It’s a freezing winter night, and rush hour commuters scuttle between trams, buses, and the various bars along Amsterdam’s Frederik Hendrikstraat, seeking sanctuary from the driving rain with early evening beers. Deep in the bowels of De Nieuwe Anita, a homely venue full of shabby vintage furniture and worn out rugs, Hinds (née Deers) are busy sound checking, but they’re running over. Cartons of Thai food from one of the city’s better take-away restaurants – the sort of luxury that shows just how well bands are looked after on the continent, even by the smallest of venues – sit waiting for them, and when the band are finally done, they pose impatiently for a few press shots before devouring piles of noodles, chicken, and vegetables in steaming curry sauce.
As is common among Spaniards, dinner conversation is rapid fire and to the point, veering wildly between topics. Sentences and stories are finished with mere looks or simply left hanging, not needing to be completed. “I don’t speak any Spanish, so I never know what they are saying,” says Callum, their indefatigable tour manager. He has the air of a patient, friendly headmaster; all the better to deal with the growing demands placed on one of most hyped bands in the world. They’ve just arrived from Eurosonic, where they played four rapturously received sets in three days, and there are five more cities left to visit on this short European tour. After that, they have some downtime in Madrid before heading to SXSW, followed by the small matter of recording their debut album in the spring. They tell me that their whole year has already been mapped out but, in place of weary resignation, they retain the wide-eyed wonder and enthusiasm of a group who can’t quite believe their luck and the opportunities presented to them. Spend any time in their company, and one thing becomes clear; Hinds are determined to make 2015 their year.
Hinds have their beginnings in 2011, in a late summer road trip to the beach. Having met through various friends and ex-boyfriends, Carlotta Cosials and Ana Garcia Perrote headed to the coast with some beers, free time, and a couple of guitars; they came back with a version of Bob Dylan’s ‘It Ain’ Me Babe’ and a desire to further explore their musical partnership. But it wasn’t until October 2103 that they decided to abandon the covers and focus on writing some of their own songs, spending hours every weekend “trying to become a proper band”. Fuelled by a little Dutch courage and the sort of “fuck it!” attitude they’ve adopted as a life philosophy, the fruits of that labour, ‘Bamboo’ and ‘Trippy Gum’, were finally uploaded to Bandcamp one boozy afternoon around this time last year. Then the roller coaster began.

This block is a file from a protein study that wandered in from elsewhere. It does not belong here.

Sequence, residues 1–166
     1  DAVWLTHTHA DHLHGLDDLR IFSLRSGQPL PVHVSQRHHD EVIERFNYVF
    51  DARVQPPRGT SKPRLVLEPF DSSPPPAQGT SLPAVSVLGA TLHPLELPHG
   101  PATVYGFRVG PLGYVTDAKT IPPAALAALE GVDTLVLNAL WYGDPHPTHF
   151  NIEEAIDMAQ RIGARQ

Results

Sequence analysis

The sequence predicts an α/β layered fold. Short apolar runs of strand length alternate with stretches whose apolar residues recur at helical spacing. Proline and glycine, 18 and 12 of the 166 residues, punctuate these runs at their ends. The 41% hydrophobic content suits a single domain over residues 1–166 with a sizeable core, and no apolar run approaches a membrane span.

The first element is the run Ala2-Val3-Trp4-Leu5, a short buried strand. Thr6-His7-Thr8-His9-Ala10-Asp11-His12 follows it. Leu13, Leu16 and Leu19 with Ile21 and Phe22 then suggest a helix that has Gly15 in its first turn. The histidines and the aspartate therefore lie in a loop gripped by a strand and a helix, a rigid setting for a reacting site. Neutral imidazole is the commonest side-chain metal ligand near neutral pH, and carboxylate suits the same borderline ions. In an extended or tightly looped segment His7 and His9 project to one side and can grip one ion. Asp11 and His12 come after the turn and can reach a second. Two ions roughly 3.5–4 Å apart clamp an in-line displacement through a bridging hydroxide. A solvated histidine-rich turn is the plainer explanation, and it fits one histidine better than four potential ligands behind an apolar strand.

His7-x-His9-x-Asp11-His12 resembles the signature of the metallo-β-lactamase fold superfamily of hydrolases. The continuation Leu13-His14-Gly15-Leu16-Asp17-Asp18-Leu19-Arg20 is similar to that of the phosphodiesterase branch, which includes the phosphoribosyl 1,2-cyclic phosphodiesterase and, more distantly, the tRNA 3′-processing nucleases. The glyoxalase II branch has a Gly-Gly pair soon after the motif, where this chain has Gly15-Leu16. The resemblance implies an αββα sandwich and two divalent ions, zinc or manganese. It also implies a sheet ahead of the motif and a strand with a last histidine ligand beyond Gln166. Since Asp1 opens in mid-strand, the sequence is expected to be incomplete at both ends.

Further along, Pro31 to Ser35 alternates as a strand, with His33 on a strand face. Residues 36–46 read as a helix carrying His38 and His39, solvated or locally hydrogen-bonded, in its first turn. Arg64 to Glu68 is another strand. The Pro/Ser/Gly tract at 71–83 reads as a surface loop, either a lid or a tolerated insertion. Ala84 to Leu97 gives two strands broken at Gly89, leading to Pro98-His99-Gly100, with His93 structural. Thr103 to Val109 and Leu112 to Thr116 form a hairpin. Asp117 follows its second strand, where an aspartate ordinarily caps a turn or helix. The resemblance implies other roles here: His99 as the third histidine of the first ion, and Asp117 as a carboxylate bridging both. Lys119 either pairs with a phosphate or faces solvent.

The first person to notice was Dan Carson, a fellow freelance music writer. “I spend way too much time trawling Bandcamp for new music, and a lot of the guitar-based stuff sounds so contrived; bands trying to force something into action, or imitating music from another era,” he tells me via email. “Deers [as they were then] sounded utterly spontaneous, and only like themselves; that was a genuine breath of fresh air for me, and I wanted to know everything.” He got in touch, which led to a piece in NME, the tracks appearing as The Line of Best Fit’s “Song of the Day”, and a meeting with Lucky Number Records head honcho Steve Richards (who subsequently put out their first two singles).
“It seemed absolutely impossible that this was happening,” says Ana looking back, but having expanded to a four-piece – adding friends Ade Martin on bass and Amber Gimbergen on drums – the hype kept building; their fourth ever show was in Berlin, their fifth a sell out at London’s Sebright Arms (attended by just about everybody who is somebody in the UK music industry). Before long, they were supporting the Libertines in Paris in front of 5,000 people, travelling to Bestival and the Isle of Wight festival, and recording with the Vaccines; meteoric doesn’t quite cover it.
“A hurricane,” summarises Ana. “The eye of the storm. There were so many things to do, so many people, so much travelling, so many shows. My brother made a neat comparison; it was like we’d been playing to the Mayor of a little town, and then suddenly the Queen of England sent us an email.” “We were always wondering: ‘How are we going to do this?’” adds Carlotta, “because we know this is not normal, you know? We’re a new band, but we’re not fools, so we’re aware that this is amazing and we really, really appreciate every little thing, like the noodles we just had, or proper beds to sleep in.”
They’re also remarkably laid back about the position they find themselves in; there’s no airs and graces or delusions of grandeur on show. More than once they refer to their focus being firmly on the craft of writing great songs, and even some of last year’s highlights – such as that Libertines support slot – are discussed in a self-deprecating tone. “It’s more impressive being here in Amsterdam, talking to fans and having them say: ‘Oh, I’ve seen your documentary’. And we’re like: ‘What? How? Why?’ That’s more impressive than playing in front of that . Of course, if you’re headlining that’s different; that would have been amazing…”